Students

If you are a student, we do not have any special rates. However, there are a few things you should know. If you are a US Citizen or a Green card holder, you will file like all Americans, a 1040. If you have international assets, you would need to disclose those as well if those assets are over $10,000 and any income from them accordingly. You can give us a call and we can help you with that aspect

If you are an international student, you may or may not be required to file a form 8843 and a form 1040NR. You must file a 1040NR (international tax return) if you have had any income whatsoever in the USA in order to be compliant with both IRS & USCIS rules.

Typically international students have the following visa types: F, J, Q, or M Visa. The tax benefits for international students depend on the student's country of origin, if there is a tax treaty with the student's home country, and whether the IRS affords nonresidential status to international students. For example, if you are a international student from India, you will qualify for the standard deduction, as defined in IRS Revenue Procedure 93-20. . Filing form 8843 is always a good idea, whether or NOT you have had income because it helps to tell the IRS that you are an "exempt" individual, on an international student visa, and are excluding your days of presence in the USA. All international students are automatically exempt during the first 5 calendar years in the USA, but if by chance, if you, are an international student, and are going to exceed those 5 calendar years and stay on the same type of student visa while here in the USA, filing an 8843 helps establish your intent that you do not wish to stay here in the USA. This avoids the problem where you end up passing the substantial presence test beyond your first five years here in the USA, and where you would possibly required to file as a resident, and having to disclose all of your international income & assets, if any.

International Students and Social Security & Medicare Tax

In the interest of not being verbose, international students are not supposed to pay any social security or medicare tax (known as "FICA", after the Federal Insurance Contributions Act). If you are an international student and have been here only for 5 calendar years, and have had FICA tax withheld, you can get that back. The IRS provides you what is known as a "student FICA Exemption."You would have to properly file a FICA claim with the IRS, by filing forms 843 & 8316. There are several documents you would need to prove your international student status, such as your I94, your passport copies, all paystubs from the time you were employed, etc. If you were self employed, as a contracter, you will also not pay any self employment tax. So don't pay that when you file!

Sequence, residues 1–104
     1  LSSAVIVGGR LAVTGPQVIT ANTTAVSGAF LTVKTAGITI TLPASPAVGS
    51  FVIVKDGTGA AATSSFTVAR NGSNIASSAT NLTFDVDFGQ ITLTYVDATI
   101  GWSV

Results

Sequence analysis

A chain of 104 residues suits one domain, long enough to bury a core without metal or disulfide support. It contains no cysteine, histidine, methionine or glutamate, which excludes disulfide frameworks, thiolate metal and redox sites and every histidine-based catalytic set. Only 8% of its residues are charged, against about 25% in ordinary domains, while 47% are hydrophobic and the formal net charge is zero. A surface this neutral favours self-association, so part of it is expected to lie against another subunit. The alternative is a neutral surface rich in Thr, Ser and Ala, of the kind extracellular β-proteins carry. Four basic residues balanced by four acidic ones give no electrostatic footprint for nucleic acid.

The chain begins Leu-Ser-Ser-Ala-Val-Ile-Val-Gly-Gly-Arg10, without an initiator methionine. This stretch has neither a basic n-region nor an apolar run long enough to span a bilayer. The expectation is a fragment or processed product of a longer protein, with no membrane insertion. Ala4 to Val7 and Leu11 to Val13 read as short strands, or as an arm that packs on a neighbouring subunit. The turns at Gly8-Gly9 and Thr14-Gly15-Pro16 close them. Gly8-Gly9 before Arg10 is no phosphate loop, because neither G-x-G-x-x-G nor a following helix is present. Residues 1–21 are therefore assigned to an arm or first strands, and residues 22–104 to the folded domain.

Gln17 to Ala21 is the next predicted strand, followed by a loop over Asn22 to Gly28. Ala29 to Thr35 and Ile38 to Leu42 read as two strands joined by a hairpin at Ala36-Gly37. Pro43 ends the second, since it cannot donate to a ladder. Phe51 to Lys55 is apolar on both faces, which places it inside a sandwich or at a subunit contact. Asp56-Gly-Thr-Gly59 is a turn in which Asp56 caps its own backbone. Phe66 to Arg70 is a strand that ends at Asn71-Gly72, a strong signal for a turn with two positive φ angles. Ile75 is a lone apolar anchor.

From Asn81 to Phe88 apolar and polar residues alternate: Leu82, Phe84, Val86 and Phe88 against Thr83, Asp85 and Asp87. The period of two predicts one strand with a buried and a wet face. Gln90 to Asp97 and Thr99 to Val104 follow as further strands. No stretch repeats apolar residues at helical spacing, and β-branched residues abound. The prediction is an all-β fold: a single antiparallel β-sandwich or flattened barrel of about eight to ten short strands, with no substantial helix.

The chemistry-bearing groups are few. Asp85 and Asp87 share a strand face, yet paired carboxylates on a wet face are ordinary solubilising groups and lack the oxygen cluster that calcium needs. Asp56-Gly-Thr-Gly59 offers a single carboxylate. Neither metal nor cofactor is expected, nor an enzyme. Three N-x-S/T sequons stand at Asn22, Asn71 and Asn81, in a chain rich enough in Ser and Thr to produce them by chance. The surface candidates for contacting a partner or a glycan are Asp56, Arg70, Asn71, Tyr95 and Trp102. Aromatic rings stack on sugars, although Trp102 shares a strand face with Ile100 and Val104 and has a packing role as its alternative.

Once you, however become an H1B or an L1A/L1B visa holder, or holder of any nonexempt visa, you are now fully subject to FICA taxes for the time period you hold that visa. If your employer mistakenly forgets to hold those taxes, you can always inform them of the mistake and adjust that in a later paystub/pay period with them. Else, you can always file the SS8 & 8919 to voluntarily pay those taxes, but that could get you into a pickle with your employer as the IRS tends to audit and penalize the employers for not withholding FICA tax on noneexempt individuals.

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2017 Annual Adjustment Amounts: Tax Rates, Deductions, & Exemptions;


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2016 Annual Adjustment Amounts: Tax Rates, Deductions, & Exemptions;

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2015 Annual Adjustment Amounts: Tax Rates, Deductions, & Exemptions;

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2014 Annual Adjustment Amounts: Tax Rates, Deductions, & Exemptions;

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Questions & Answers on NII & Additional Medicare Tax

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Are you living abroad and a dual citizen?? Click here.

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"OVDI" (Offshore Voluntary Disclosure Program) Remains Open For Those With Undisclosed Foreign Income/Assets;

Other Options other than OVDP remain open too, like Streamlined Procedures.

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DNA India, a leading Mumbai daily, quotes Vimlan Tax Services. Click here...

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Mileage Rates for 2016 are here..

  1. 54 cents per mile for business miles driven (down from 57.5 cents in 2015);
  2. 19 cents per mile driven for medical or moving purposes;
  3. 14 cents per mile driven in service of charitable organizations;


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Mileage Rates for 2015 are here..

  1. 57.5 cents per mile for business miles driven (up from 56 cents in 2014);
  2. 23 cents per mile driven for medical or moving purposes;
  3. 14 cents per mile driven in service of charitable organizations;


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International Income Tax Liability...


Worldwide Income Reporting and Foreign Accounts

Most people filing US tax returns know if they are a US Citizen or a Greencard holder, but most do not know if they are a US "tax" resident. You may read the April 2011 E-newsletter we put out which explains the classifications mentioned above or call our office to request an appointment with a qualified tax advisor to discuss your case. Our December 2015 E-newsletter is out as well.